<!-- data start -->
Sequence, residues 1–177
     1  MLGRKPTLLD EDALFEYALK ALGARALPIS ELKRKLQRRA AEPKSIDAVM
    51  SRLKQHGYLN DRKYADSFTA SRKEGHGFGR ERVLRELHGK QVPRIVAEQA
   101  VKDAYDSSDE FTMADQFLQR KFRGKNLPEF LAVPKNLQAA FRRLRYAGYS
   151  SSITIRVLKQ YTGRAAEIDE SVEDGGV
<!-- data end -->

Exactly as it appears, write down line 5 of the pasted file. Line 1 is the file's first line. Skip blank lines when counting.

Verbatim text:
   151  SSITIRVLKQ YTGRAAEIDE SVEDGGV